We should just drop the D. It shouldn’t be Post-Traumatic Stress Disorder. There’s nothing disordered about it. PTSD is a normal, natural response to trauma
When I finally started coming to terms with the emotional abuse that I grew up with, journaling, and therewith writing, really became a lifeline.
Everybody gets that. I don’t believe that anyone, any human being, doesn’t from time to time have a meltdown. Welcome to the human race.
Every time we set ourselves overly ambitious goals that are doomed to get the better of us, we feel like a failure.
This week, that memory came back to me. Not because the hashtag triggered me necessarily, but because I was very hesitant to add my #metoo.
The problem with being told to leave my comfort zone for me as a survivor of abuse is that for the longest time I had no comfort zone.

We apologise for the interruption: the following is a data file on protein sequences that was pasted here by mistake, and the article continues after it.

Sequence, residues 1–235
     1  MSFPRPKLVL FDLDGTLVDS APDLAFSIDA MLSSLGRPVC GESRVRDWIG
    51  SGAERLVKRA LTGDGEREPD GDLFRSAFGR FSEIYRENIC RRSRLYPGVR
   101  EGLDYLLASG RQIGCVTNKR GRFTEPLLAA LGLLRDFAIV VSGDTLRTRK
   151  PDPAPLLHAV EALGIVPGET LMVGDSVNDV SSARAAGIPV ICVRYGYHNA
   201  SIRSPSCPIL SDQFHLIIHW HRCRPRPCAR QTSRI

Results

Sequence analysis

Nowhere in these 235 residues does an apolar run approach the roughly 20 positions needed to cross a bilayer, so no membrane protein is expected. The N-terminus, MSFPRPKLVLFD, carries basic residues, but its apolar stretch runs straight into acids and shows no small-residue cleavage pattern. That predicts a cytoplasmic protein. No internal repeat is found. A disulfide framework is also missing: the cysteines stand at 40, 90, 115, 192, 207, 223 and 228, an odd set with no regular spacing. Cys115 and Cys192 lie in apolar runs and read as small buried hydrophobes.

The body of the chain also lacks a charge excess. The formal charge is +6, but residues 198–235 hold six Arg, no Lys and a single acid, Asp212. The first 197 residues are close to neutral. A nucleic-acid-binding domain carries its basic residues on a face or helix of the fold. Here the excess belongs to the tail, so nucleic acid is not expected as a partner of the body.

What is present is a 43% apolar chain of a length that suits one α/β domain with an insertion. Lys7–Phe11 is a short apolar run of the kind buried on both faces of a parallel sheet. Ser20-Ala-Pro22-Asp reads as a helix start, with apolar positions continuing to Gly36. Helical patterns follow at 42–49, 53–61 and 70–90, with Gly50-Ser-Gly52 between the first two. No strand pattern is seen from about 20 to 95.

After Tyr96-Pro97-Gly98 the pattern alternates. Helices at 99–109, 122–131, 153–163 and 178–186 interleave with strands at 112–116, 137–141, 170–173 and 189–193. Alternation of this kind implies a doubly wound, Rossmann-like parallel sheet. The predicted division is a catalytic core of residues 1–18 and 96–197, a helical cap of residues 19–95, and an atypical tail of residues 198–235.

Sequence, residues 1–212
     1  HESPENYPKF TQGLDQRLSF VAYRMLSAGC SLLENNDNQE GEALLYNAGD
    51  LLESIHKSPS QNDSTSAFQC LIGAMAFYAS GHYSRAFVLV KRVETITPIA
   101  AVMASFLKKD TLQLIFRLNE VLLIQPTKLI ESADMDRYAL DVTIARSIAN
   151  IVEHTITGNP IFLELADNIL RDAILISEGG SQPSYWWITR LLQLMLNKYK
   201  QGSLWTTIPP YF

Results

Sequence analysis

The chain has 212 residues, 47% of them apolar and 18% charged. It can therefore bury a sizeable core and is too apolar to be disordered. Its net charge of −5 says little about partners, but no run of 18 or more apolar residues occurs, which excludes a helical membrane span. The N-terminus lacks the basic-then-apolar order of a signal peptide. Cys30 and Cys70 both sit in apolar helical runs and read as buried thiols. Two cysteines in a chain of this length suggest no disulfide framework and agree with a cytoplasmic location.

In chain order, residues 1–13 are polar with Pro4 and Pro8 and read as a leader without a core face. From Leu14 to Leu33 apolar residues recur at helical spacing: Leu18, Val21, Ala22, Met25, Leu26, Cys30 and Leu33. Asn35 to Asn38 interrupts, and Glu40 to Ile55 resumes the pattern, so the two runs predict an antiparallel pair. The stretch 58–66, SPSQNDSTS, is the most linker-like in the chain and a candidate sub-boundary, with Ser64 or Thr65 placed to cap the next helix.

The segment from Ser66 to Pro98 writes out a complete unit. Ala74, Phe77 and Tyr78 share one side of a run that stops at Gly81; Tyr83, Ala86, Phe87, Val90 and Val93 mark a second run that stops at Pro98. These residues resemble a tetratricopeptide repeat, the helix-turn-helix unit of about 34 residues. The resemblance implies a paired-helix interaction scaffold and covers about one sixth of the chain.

The further I progress my own healing, the more I learn what separates those who survive from the ones that thrive. So let’s look at surviving vs thriving!
I did not feel comfortable calling my past abuse. Why? Probably because like so many people, I only associated the word abuse with sexual or physical abuse. Abuse is emotional, verbal, financial… it is any situation where a person is marginalized, made to feel insignificant, unworthy, unlovable and unimportant.
“Why did she not leave?” seems the standard in talking about abuse. We need to stop that. Why not ask “why he abuse her?” or even better “how can I help?”
Today is Have a Bad Day Day, I wasn’t aware there was a specific date for this. I have bad days more than once annually, and I am sure that is not just me.